While development pressure is busily reducing the Island’s tree canopy, other places, which have lost it, are working hard to replace and restore it. In Portugal on March 21, World Tree or Forest Day is celebrated by — you guessed it — planting trees, especially to remediate areas devitalized by mining and other activities.
A unique, traditional Portuguese agroforestry system, known as Montado, based on several beautiful oak species, is used in management of the understory, ranging from forest systems (cork in cork oak systems) to agrosilvopastoral systems (cork, sweet acorns, animal and/or crop production together). Also, about 4,1400 hectares of low-density stands of economically important sweet chestnut (Castanea sativa) exist, called “Soutos e castinçais.” To learn more, link to bit.ly/3rQ0zyf.
A similar system is Bocage, described on Wikipedia as “a terrain of mixed woodland and pasture characteristic of parts of Northern France, Southern England, Ireland, the Netherlands, and Northern Germany, in regions where pastoral farming is the dominant land use.”
Rhododendrons on basic soils?
An article by nurseryman David Rankin in the January issue of The Garden, “Why Grow Rhodos?” was interesting. His thesis: that ericaceous and acid-loving plants, such as rhododendrons, camellias, and hydrangeas may be successfully grown on basic soils, despite evidence and conventional wisdom that thus grown plants invariably suffer from chlorosis and poor growth.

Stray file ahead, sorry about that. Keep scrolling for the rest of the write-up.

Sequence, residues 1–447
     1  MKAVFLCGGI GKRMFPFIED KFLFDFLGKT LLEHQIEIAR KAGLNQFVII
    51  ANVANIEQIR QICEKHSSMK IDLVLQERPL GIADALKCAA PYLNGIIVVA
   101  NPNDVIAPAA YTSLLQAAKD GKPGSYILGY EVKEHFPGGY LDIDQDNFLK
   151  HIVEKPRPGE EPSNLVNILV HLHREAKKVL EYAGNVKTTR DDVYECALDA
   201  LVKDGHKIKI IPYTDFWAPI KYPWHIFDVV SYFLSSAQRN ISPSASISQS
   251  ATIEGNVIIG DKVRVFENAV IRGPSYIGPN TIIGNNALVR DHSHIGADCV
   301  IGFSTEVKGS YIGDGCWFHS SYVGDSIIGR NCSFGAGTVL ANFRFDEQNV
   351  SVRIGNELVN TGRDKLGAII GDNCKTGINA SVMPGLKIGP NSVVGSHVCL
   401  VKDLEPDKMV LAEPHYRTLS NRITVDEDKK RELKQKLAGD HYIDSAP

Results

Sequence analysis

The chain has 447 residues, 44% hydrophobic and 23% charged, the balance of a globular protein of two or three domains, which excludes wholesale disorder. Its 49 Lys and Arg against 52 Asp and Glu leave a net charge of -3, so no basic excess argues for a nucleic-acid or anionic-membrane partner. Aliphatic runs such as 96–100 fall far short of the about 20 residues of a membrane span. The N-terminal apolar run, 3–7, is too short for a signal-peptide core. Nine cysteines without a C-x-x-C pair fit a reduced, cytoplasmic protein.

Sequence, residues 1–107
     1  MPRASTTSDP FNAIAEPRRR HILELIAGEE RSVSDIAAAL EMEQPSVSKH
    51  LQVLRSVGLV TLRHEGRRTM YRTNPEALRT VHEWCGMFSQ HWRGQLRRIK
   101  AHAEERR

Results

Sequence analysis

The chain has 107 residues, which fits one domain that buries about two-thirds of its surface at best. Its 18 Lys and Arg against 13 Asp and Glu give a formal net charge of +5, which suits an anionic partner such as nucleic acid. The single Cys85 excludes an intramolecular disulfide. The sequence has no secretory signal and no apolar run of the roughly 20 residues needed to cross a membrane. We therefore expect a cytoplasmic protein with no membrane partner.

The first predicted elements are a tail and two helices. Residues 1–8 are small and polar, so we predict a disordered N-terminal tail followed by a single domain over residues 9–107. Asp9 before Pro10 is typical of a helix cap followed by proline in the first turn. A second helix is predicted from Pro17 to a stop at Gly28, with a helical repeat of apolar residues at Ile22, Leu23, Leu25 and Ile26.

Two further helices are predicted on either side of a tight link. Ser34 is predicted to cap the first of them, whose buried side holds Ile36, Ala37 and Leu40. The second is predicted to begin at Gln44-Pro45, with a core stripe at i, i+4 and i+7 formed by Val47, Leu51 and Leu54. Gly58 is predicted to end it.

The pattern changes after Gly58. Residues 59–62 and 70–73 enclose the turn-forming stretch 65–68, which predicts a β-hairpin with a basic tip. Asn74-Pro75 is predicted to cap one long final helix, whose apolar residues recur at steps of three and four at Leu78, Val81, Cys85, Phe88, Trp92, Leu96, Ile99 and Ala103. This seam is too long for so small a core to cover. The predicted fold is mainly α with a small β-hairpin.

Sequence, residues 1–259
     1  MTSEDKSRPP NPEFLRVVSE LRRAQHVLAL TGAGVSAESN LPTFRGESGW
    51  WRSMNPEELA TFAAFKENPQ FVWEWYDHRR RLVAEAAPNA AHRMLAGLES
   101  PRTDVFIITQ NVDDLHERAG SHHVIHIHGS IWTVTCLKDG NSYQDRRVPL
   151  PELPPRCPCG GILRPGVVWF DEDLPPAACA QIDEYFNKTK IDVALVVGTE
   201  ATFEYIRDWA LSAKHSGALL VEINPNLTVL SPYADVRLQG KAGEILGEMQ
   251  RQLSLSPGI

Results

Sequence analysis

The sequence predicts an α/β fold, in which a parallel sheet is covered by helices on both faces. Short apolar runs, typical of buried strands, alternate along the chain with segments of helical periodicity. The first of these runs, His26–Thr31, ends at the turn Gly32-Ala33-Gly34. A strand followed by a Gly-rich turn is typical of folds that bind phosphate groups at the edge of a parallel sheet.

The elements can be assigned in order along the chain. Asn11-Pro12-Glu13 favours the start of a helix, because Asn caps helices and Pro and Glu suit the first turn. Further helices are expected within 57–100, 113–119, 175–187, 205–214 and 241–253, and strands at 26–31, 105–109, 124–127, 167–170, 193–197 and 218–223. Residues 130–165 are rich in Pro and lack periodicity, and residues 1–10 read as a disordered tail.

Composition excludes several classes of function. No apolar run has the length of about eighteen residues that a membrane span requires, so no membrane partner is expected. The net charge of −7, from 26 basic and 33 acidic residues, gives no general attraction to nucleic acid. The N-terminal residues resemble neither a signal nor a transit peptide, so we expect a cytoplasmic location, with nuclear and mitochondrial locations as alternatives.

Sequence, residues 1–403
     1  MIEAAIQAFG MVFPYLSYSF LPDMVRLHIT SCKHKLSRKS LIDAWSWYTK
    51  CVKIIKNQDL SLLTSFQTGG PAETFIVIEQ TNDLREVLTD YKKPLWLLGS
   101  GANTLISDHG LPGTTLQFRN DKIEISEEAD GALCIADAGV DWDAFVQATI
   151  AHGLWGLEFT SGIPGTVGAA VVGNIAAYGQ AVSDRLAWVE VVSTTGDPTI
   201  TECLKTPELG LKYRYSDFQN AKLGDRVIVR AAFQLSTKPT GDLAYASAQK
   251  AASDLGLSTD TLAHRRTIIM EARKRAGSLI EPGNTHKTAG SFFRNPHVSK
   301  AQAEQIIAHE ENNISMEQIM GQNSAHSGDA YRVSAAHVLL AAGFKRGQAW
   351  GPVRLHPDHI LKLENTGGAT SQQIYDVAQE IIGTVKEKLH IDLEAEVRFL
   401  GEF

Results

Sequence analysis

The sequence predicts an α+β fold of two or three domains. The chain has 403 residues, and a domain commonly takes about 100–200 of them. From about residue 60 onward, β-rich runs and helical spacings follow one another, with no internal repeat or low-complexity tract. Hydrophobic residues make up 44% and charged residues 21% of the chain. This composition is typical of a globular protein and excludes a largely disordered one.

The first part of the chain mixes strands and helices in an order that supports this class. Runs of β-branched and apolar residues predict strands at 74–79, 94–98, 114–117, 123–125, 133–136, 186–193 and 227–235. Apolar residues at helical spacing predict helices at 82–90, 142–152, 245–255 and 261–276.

It is assumed that our hydrangeas reliably flower blue and that Island soils are acidic; likewise, that rhododendrons invariably flourish in them. (This, it turns out, is not always the case, as evidenced by numerous plaintive queries for advice to blue-up hydrangea flowers.)
However, the acidic soil rule has now been tentatively contradicted. Observation and experiments have shown that unhealthy cultivated plants suffer from manganese deficiency, while foliage of healthy plants contains much more, up to 50 times more. The hypothesis is that, in wild populations on limestone soils, leaves from healthy plants drop to form mulch that acts as a slow release fertilizer. “Once a healthy population is established, it becomes largely self-sustaining, recycling its manganese.”